To a sheep, there is probably nothing finer than a green meadow.
The last birth of 2020. This time, we could be present.
The last lamb came a little later than we had thought, on June 1. We had not really expected it anymore.
In total, this year’s season yielded 14 lambs from 11 ewes. Nine boys and five girls. The births mostly went down without any problems. Though in two cases, help was needed. STRESSFUL for us beginners.
But now we are overjoyed, and we have learned something!
That was not easy this year. Many shearers come to us from the Czech Republic, Slovakia or other neighboring countries. Because of Covid-19, they could not enter Austria for a long time and the local shearers were too busy. But then, with just a little delay, it worked out at the end of April.
You know who can do it. The pros can do it in less than 2 minutes. It went swimmingly!
Little Ilvy. She is only one week old.
Lambing season is starting.
There is a time when you get to the pasture every morning, full of anticipation. For Herdwick sheep keepers, that time is from March to April, sometimes May.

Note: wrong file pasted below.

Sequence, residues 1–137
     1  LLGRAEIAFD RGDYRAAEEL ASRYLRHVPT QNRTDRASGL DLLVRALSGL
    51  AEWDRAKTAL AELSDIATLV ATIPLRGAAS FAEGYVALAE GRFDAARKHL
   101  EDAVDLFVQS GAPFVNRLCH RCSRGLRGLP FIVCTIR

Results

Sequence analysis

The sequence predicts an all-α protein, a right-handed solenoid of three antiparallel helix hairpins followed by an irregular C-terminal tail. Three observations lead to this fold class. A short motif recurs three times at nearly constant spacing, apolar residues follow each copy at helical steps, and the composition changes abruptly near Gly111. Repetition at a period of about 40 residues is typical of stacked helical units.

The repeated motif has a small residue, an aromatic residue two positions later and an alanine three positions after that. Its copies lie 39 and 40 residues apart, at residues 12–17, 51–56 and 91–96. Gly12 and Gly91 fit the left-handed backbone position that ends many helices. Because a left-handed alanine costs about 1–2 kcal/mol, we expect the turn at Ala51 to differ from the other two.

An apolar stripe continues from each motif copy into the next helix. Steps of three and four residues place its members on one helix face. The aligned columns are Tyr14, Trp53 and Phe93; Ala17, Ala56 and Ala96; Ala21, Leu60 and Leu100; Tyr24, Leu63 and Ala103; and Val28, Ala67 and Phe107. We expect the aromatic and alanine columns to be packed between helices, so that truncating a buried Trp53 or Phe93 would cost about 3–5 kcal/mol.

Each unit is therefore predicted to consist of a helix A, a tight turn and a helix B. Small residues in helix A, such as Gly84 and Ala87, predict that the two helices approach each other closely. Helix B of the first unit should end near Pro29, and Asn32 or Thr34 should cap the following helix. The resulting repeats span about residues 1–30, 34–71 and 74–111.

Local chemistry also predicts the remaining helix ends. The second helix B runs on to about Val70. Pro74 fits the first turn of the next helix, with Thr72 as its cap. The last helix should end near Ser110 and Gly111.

The first two lambs were born at the end of March this year. The bigger the relief of lambing season finally starting!
Andreas is a young ram with already impressive horns who was born in Baden-Württemberg and has already sired offspring. Including him we now have 4 rams. This adds to the opportunities of breeding in fall 2020.
After the quarantine, Andreas first challenged his new best friends, Michael (left) and Claus (right). Especially with Claus there have been a few fights. This time, Claus still asserted himself.
Andreas (center) with his new best friends.
This is Manfred. He is now the youngest ram in our group.